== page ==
As the States discussed the new Government Work Plan for the first time, deputies debated the need for a review of primary education. They noted a disparity between school rolls, particularly high at St Martin’s, Amherst and Vauvert, and low in the two primary schools in the country parishes. Overall, members heard, there were some 660 spare spaces across 11 States primary schools, representing over-capacity of some 177%, said Deputy Lindsay de Sausmarez, who led the push for a review of primary education to become a priority action, when it has been relegated by the Work Plan process.
Her amendment effort was defeated by 27 votes to 10, but afterwards noted that the concept of a review was not opposed in principle, but due to lack of resources to carry out the work.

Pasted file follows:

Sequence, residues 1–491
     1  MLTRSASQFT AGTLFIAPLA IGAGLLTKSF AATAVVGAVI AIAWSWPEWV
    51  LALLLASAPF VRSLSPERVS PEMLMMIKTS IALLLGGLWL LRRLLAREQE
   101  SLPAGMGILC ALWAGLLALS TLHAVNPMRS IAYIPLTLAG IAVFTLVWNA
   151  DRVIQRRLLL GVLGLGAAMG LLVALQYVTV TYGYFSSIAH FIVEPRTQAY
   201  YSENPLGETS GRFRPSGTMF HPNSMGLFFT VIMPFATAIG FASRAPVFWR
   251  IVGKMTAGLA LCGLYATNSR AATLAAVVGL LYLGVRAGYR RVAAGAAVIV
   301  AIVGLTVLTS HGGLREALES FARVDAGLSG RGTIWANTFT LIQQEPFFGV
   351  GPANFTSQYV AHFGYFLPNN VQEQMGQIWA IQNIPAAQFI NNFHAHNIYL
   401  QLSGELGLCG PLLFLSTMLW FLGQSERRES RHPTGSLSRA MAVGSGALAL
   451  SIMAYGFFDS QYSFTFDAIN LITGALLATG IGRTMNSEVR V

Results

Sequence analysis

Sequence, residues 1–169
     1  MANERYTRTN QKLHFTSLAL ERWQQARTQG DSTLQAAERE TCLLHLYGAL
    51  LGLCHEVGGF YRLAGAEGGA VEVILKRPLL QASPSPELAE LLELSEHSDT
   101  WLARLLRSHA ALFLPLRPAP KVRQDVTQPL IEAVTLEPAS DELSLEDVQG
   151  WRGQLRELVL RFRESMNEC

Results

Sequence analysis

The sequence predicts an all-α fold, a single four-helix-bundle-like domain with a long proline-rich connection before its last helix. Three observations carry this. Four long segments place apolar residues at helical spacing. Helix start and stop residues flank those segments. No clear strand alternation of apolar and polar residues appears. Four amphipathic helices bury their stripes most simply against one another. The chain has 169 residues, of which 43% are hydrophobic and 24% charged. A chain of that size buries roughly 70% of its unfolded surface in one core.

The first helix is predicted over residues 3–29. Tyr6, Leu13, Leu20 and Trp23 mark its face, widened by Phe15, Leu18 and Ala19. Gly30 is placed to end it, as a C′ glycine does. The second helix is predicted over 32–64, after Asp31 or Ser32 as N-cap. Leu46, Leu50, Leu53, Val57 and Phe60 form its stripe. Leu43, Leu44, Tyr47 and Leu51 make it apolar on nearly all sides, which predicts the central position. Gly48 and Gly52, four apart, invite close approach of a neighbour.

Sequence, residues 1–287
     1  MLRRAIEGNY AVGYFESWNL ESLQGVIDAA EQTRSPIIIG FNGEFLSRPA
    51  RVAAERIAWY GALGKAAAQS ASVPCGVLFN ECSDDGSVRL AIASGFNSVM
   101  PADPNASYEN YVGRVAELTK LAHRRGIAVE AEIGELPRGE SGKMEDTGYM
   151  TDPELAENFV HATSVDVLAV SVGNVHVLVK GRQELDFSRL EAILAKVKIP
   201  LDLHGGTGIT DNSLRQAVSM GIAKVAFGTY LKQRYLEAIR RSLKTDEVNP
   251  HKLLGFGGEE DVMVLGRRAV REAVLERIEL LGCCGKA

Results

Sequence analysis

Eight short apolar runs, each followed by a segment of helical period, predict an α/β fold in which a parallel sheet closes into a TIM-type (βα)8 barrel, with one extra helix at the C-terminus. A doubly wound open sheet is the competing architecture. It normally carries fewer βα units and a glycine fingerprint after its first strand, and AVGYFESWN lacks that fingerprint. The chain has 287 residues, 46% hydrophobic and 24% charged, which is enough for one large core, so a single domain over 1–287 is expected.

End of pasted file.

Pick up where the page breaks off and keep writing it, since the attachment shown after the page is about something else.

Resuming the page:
‘The debate made it clear that the argument was won even if the amendment was lost,’ said Deputy de Sausmarez.
‘This was work that was started in the last political term, so I was disappointed to discover that it hadn’t been progressed.
‘We got a clear indication from various members that there is a need for this review.
‘Various people who voted against it stated that they hoped it would be prioritised in this political term.’
She said that any rebuild of La Mare de Carteret Primary needed to be postponed until a full review of primary education had been completed, and said she would return with the same argument again next year if the Education Committee had shown no further intent to progress.
Deputy Steve Falla seconded the amendment.
Before entering politics he had campaigned strongly to save St Andrew’s School from closure, which failed.
He said it felt wrong to delay a review of the primary sector for what could be another four to five years when it was such an integral part of the island’s education system.